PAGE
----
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December 16, 2020

Show candidate commitment with a letter of intent

You circulated the job posting, searched candidate databases, scoured your pipeline and sent emails - all in the search for great physicians to join your organization. Then came the prescreenings, interviews and onsite visits. At long last a finalist emerged who is the ideal hire for your physician or advanced practice provider opportunity.

The natural next step is to move directly into contract negotiations and finalize the hire as soon as possible, right? Well, there may be another step - a half-step even - that you should consider first: a letter of intent.

What is a letter of intent?

A letter of intent is a precontract letter stating your organization is ready to stop the job search and enter into good-faith contract negotiations in order to hire the candidate. It may include the reasons why, plus high-level employment details that will be covered fully during negotiations (more on these below).

When done well, a letter of intent demonstrates your organization’s interest in and commitment to a candidate and helps them get excited at the prospect of joining the team.

What a letter of intent is not

A letter of intent is not a legally binding document. It’s simply a formal gesture in which your organization recognizes the candidate as your top choice and invites them to reciprocate the feeling.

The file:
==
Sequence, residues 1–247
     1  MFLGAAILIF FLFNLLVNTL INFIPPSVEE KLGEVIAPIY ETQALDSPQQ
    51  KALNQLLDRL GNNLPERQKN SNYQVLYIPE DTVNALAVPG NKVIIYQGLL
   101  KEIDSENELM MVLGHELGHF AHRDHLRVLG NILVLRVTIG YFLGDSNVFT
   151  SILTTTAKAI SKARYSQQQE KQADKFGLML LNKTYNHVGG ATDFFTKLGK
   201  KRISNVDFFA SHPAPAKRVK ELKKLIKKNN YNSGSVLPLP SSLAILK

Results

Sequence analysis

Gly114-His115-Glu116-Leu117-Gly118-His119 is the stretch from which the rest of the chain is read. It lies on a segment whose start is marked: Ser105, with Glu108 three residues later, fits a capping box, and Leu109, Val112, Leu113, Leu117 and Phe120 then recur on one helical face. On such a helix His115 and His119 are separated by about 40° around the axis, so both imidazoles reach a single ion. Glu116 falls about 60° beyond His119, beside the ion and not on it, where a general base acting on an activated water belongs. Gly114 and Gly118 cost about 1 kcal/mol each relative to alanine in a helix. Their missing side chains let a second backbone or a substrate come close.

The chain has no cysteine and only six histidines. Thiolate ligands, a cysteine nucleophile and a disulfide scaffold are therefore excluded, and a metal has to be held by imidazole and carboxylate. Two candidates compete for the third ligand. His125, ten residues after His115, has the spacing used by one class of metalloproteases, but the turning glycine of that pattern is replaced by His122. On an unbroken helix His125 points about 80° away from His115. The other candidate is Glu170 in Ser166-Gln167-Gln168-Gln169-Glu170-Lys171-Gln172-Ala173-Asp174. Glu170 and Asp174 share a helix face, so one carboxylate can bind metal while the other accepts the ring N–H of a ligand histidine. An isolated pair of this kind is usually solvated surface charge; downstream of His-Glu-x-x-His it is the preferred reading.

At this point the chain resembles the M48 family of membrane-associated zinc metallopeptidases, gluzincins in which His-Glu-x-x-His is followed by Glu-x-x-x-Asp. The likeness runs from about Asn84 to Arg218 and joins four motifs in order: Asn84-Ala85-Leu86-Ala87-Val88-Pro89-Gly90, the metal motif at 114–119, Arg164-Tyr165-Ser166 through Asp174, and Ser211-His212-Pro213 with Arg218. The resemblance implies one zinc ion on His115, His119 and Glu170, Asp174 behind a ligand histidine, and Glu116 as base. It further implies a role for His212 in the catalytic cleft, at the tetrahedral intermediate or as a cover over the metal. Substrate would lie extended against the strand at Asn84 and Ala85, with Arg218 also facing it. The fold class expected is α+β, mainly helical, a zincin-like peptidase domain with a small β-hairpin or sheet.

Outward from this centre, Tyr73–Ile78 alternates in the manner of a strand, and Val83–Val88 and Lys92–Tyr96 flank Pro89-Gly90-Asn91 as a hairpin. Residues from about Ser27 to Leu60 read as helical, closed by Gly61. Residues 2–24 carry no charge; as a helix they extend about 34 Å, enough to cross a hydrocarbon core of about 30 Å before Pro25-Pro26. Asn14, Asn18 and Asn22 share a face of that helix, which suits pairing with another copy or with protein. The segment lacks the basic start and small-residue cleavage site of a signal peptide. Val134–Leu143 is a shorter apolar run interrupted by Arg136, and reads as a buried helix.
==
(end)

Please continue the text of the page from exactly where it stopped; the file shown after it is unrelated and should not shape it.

Here is what you should include in each letter of intent

Information to include

While there is important information to cover, it’s key to remember a formal contract will come later. Instead of sending a multipage document listing every detail, try summarizing the information to keep your letter of intent to a maximum of two pages.

The details should be stated clearly and in a manner that doesn’t inadvertently pressure the candidate. Some of the items you should consider outlining include:


This is foundational information for any candidate’s consideration and among the information many will look for first. For a letter of intent, list an approximate salary or range, including the salary structure and estimated annual earnings. Also include any sign-on or annual bonus opportunities.

Because the letter is not legally binding, there’s a chance the candidate could attempt to negotiate these numbers when reviewing a contract. In order to minimize the chance of that happening, base any approximate range on traditional factors including median pay for the position, cost of living and your candidate’s experience. Ideally, the expectations you’ve learned as you’ve formed a relationship with the candidate will help prevent any surprises when it comes to salary discussion.


Another staple of offers, your organization’s available benefits should also be outlined. This includes personal care provisions such as health, dental, vision and life insurance, but also introduce offerings like your organization’s retirement contribution program and malpractice coverage. If your candidate would be relocating, you should also include any relocation assistance available.